TOTAL MILES TRAVELED TODAY: 78 NM
ANCHORED BEHIND PINE ISLAND, FLORIDA JUST OFF MM 765
SUNRISE AT ST. SIMONS ISLAND: 7:07 AM
SUNSET AT PINE ISLAND ANCHORAGE: 5:25 PM
With just enough light to see and anticipating the sun soon, we hauled up anchor by 6:30 and were “outta there”. Not that it wasn’t a perfectly lovely anchorage, but we have miles to go. Seems like we always are always rushing off to meet some schedule on our leisurely journey. We did sleep better with the new anchor drag monitor but its services were never needed.
We started out our busy day in a big way when we crossed paths with the huge car hauler, California Highway as he exited the Brunswick Harbor. Dan generously surrendered the right-of-way to his might. We could see towering Sidney Lanier Bridge sweeping over the Brunswick River. This 480’ tall cable-stayed bridge with its 230’ of vertical clearance replaced the original bridge that was twice struck by ships. I’m not thinking that that is a problem anymore.
|CAR HAULER THE CALIFORNIA HIGHWAY|
THINK THAT'S WHERE THEY ARE DESTINED?
|SIDNEY LANIER BRIDGE|
When passing Jekyll Island we looked for Jill and Richard’s boat Finally but she wasn’t at her slip at the marina. This island has been owned by the state since 1947 and strict rules have been set up to prevent over development.
Feral horses are known to roam the privately owned Little Cumberland Island. Today was our lucky day! We caught sight of a couple beauties as they lazily grazed in their secure environment.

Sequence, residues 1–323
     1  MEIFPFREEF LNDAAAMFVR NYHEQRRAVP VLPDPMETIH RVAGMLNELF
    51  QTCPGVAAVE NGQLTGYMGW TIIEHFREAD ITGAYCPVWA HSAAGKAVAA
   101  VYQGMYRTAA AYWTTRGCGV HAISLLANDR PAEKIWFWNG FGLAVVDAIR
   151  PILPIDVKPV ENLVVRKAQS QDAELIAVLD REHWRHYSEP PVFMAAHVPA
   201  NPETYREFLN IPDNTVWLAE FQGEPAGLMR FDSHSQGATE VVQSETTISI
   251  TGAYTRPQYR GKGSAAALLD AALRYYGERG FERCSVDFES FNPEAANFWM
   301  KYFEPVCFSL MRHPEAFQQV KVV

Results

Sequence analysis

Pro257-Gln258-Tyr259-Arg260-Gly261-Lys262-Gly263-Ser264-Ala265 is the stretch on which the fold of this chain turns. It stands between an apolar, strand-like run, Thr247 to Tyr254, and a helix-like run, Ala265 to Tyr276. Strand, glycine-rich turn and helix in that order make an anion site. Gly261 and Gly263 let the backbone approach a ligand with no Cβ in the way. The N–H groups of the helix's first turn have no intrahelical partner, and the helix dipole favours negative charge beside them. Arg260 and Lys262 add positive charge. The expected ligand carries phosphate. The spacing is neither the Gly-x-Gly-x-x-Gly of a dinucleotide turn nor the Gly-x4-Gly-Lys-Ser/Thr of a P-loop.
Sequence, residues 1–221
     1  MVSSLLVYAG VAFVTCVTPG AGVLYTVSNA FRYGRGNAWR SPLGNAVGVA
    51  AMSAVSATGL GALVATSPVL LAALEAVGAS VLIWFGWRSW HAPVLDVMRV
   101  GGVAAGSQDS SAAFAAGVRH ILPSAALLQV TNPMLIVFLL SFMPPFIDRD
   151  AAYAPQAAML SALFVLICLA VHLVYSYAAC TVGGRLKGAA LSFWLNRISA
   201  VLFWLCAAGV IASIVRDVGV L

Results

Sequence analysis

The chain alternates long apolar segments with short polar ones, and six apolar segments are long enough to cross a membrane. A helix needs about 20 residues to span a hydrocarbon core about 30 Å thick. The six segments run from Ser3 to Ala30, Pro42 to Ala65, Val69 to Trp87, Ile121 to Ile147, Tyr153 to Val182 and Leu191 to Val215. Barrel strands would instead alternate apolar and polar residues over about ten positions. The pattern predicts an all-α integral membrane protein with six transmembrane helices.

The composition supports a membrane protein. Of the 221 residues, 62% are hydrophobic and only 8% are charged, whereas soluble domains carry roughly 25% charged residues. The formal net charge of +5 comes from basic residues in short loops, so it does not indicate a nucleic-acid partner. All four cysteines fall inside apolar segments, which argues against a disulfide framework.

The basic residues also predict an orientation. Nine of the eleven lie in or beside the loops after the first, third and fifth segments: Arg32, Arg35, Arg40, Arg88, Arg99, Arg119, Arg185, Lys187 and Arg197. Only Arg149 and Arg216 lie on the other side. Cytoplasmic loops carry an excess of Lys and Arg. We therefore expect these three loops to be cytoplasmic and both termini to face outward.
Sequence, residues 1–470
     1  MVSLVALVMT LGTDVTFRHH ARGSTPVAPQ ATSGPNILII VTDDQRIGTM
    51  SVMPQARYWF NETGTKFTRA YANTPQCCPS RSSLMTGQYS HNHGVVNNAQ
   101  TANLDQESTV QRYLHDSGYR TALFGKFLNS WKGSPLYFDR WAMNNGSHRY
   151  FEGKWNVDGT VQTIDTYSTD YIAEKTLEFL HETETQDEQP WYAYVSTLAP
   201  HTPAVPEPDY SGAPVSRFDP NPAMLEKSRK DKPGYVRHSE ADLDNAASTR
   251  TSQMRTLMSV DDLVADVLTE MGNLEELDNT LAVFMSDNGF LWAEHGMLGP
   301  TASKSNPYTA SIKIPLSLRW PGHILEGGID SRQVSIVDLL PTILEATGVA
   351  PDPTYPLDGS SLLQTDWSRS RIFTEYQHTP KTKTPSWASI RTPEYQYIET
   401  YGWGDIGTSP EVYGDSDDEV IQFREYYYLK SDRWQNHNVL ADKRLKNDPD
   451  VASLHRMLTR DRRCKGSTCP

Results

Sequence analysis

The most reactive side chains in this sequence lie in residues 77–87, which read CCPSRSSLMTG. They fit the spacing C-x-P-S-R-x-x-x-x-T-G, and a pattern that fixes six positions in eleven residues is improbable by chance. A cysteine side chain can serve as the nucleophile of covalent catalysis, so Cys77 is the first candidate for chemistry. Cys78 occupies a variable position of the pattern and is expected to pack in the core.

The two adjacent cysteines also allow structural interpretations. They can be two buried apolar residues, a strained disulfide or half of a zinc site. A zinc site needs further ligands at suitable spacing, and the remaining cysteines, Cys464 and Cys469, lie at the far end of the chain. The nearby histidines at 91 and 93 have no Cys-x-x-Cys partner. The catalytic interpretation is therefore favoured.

|FERAL HORSES ON LITTLE CUMBERLAND ISLAND|
Approaching the Kings Bay Naval Submarine Base we kept our eyes peeled but were disappointed to find no subs in residence today. The Cumberland Sound can be a busy place with vessels of all sizes and shapes crossing to or from the Atlantic Ocean. Once across the sound we were in Florida.
Situated at the northern point of Florida’s Amelia Island is Fort Clinch. This 19th century fortress was the site of only one battle when Confederate soldiers recaptured it from the Union forces that had gained control the previous year.
Entering Florida waters brings with it several things to be on the alert for. First of all, “we’re not in Kansas anymore” surely applies here. The yachts progressively get larger as you near Fort Lauderdale, the homes congesting the waterways can be massive, airboat tours zip around and you are really in the heart of the southern migration. Oh, but I forgot the warmer temperatures and those brilliant entrances and exits that the sun makes each day.
|252.5' PEGASUS V|
|IMPRESSIVE HOMES LINE THE SHORES|
So we haven’t seen any gators so far but for several days we have been courted by an occasional dolphin and today we saw our first White Pelicans since last year. Quest is now on the lookout for Manatees.
|A FLOCK OF WHITE PELICANS BASKING ON THE SHORE|
We anchored at Pine Island just off MM 765 with seven sailboats. I’m not thinking they were happy to see us but we promise to be good neighbors.
|THE SUN SETS AS QUEST ANCHORS WITH SEVEN SAILBOATS|